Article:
The temptation to compare the FreeRunner and the Apple iPhone can be overwhelming. They both run a Unix-like operating system; they both have GPS, wi-fi, and accelerometers; they are both cell phones.
In spite of their similarities, their differences are even more striking.
The difference is freedom
Yes, the iPhone is arguably the greatest cell phone on the market. It is a technological work of art. As long as you don't mind Apple's restrictions on the software you may install, the iPhone may be the phone for you. Keep in mind, Apple has the final say on what software you are allowed to install, and they have shown a willingness and an aptitude for censoring the software allowed on the iPhone.
In essence, the iPhone you purchase belongs to Apple, not to you.
The FreeRunner isn't as great a cell phone as the iPhone. The entire point of the FreeRunner is that it isn't really a cell phone. It's a hand-held computer with GPS and cell phone communications hardware built in. The Freerunner doesn't really compete with the iPhone. That's a fool's task. Instead, the FreeRunner competes with other hand-held computers, like the Nokia N810 (which ironically doesn't contain GSM hardware).
The FreeRunner provides access to the GPS, GSM, GPRS, wi-fi, and accelerometer hardware. There is no signing key from Apple. There is no distribution restrictions. There are no prohibitions on the types of applications that may be built.
There is only freedom.
Freedom is beautiful
The Neo FreeRunner has about the same footprint as the iPhone, at 120.7 mm by 62 mm, but is a bit thicker, at 18.5 mm. The FreeRunner has a nice rubberized texture, and the rounded ends fit naturally in the hand.
The recessed screen makes it difficult to reach small buttons near the edge of the screen, especially in the corners.
The hardware specifications are fairly impressive for a device this size and cost:
- 400 MHz ARM (Samsung 2442)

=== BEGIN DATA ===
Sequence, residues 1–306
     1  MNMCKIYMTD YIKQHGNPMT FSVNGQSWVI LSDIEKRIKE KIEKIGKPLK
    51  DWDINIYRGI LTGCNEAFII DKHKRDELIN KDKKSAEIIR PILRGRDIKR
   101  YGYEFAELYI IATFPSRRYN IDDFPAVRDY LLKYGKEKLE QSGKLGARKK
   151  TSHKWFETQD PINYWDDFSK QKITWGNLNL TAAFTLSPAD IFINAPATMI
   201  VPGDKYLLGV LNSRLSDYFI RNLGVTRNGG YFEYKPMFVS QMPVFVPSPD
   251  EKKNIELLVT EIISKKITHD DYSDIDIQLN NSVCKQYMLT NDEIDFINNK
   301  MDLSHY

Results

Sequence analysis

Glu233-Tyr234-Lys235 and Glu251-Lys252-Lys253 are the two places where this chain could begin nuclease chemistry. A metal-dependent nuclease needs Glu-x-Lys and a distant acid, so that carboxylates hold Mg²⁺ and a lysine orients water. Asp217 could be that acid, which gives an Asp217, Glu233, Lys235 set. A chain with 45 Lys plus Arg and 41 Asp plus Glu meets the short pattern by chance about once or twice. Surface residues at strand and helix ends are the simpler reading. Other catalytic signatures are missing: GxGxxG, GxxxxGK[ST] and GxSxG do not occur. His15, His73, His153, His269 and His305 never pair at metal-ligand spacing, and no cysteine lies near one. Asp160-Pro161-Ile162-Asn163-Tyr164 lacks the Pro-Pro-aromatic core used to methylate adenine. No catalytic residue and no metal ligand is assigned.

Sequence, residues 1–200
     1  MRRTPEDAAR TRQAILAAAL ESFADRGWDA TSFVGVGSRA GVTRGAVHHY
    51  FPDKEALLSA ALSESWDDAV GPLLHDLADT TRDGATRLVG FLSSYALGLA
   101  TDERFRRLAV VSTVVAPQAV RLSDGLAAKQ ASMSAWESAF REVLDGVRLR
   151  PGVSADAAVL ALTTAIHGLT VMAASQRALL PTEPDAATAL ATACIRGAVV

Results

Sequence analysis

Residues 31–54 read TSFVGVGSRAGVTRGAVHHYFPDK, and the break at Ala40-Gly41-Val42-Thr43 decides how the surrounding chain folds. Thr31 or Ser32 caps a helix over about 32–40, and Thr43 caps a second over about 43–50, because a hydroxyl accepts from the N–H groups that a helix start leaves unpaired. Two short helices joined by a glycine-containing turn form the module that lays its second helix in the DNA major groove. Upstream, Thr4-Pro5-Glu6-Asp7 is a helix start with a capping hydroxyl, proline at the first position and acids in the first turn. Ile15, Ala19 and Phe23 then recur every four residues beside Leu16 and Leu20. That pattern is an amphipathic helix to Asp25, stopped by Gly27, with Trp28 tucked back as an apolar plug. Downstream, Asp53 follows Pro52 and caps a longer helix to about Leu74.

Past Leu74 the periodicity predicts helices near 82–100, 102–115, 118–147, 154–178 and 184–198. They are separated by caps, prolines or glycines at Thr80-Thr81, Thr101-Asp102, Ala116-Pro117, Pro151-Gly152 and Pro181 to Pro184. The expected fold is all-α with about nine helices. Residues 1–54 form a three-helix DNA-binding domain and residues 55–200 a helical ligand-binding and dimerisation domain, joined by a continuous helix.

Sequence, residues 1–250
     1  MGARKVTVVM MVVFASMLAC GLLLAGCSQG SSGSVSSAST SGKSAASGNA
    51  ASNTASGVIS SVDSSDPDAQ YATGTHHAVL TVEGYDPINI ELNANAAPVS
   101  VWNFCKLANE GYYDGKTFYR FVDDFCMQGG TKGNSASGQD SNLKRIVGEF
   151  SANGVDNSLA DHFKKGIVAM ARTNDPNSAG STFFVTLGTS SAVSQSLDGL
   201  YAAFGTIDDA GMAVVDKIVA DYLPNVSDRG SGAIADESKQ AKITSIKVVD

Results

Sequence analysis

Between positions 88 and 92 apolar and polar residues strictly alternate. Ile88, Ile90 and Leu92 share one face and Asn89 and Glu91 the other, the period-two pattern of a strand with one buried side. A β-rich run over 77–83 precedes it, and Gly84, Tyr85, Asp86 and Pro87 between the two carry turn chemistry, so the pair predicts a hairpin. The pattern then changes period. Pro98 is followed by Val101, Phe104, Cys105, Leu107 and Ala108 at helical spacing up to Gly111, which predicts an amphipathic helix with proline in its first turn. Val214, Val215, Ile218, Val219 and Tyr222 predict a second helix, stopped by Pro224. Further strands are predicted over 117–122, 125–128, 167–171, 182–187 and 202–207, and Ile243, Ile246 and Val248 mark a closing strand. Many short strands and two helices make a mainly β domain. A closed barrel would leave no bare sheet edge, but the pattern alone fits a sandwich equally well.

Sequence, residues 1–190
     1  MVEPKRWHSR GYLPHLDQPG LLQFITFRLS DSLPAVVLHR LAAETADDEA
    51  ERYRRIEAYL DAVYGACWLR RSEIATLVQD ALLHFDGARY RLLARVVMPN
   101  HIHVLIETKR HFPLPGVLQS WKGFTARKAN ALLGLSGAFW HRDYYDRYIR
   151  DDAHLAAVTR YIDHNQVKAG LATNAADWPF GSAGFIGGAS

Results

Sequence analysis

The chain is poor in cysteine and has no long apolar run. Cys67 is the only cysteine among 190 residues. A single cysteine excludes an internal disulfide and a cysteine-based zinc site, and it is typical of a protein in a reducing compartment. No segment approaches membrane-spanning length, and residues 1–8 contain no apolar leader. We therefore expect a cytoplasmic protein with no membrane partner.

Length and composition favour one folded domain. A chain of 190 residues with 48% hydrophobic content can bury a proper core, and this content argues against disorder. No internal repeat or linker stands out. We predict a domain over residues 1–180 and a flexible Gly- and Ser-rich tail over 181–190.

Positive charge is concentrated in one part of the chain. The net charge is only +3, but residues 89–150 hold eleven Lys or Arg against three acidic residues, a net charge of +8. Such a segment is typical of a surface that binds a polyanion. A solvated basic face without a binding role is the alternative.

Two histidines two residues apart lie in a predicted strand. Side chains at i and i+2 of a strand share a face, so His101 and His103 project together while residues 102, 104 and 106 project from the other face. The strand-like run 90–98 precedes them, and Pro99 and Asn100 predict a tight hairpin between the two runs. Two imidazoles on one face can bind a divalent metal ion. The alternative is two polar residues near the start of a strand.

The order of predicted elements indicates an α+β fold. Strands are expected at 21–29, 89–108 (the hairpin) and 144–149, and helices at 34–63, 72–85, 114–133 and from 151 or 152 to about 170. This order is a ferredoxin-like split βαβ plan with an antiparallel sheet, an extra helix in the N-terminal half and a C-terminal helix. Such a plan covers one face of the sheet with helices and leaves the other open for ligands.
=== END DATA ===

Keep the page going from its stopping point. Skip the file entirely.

- 128 MB SDRAM
- 256 MB flash
- 2.8 inch 480 x 640 touchscreen (282 pixels/inch)
- Triband GSM / GPRS
- 2 3D accelerometers
- 802.11 b/g
- Micro SD slot (supports up to 8GB uSD cards)
The SMedia Glamo 3362 chipset supports 3D hardware acceleration, but due to the lack of documentation, the X11 drivers do not provide hardware acceleration. Also, the GPU bus is only capable of 7 MB/sec. These two bottlenecks result in slow graphics. Full-screen full-motion video will be impossible to achieve. (Carsten Haitzler, AKA The Rasterman, explains some of the issues in this email. More information can be found throughout that thread.)
Choices, choices, choices
As per the OpenMoko wiki, there are at least 9 distributions that may be run on the FreeRunner. Four of these are official OpenMoko projects, three are ports of existing distributions, and two are community-drive distributions. Each distribution has a distinct goal.
Three of the four official distributions are really just variations on a theme. OM2007.2 was OpenMoko's first attempt at a smartphone distribution. The interface was developed solely using Gtk+. Although a fairly complete smartphone distribution, the underlying phone support proved unreliable. Work shifted away from OM2007.2 to a major overhaul, originally dubbed "ASU," which became OM2008.8. This distribution moved away from Gtk+, instead moving to a combination of toolkits in addition to Gtk+, including Qt and EFL (the Enligthenment Foundation Libraries). OM2008.9 Update is the first point release update to OM2008.8.
The fourth official distribution is the FreeSmartphone.Org (FSO) distribution. The goal of FSO is to provide a stable DBUS-based infrastructure for smartphone telephony. FSO provides an example application for basic functionality, but FSO is geared more towards application developers than end-users.
Both of the community-based distributions build on one of the official distributions. The Stable Hybrid Release (SHR) builds on FSO, and intends to marry the functionality of the OM* distributions with the stability and reliability of the FSO infrastructure. The Fat and Dirty OM (FDOM) release builds upon the OM* distributions directly, providing more applications and functionality.
Of the three other distributions, only QtExtended (renamed from Qtopia) is designed to provide smartphone functionality. The other two, Debian and Gentoo, are ports of the popular Linux distributions.
Many choices, one conclusion
With all these choices, is there a single distribution that lives up to the promise of the Neo FreeRunner? Not yet. Some, such as the now-obsolete OpenMoko 2007.2, showed promise, but were unable to deliver. Right now, FSO and Qtopia appear to be the most stable for use as an everyday phone. SHR promises to expand on FSO and deliver a truly open platform based on a stable framework.
In the end, the FreeRunner is not a cell phone replacement just yet, and definitely not an "iPhone killer." It's a solid platform to build on, though, and there is a lot of activity, a lot of promise, and a lot of potential.
It's also a lot of fun.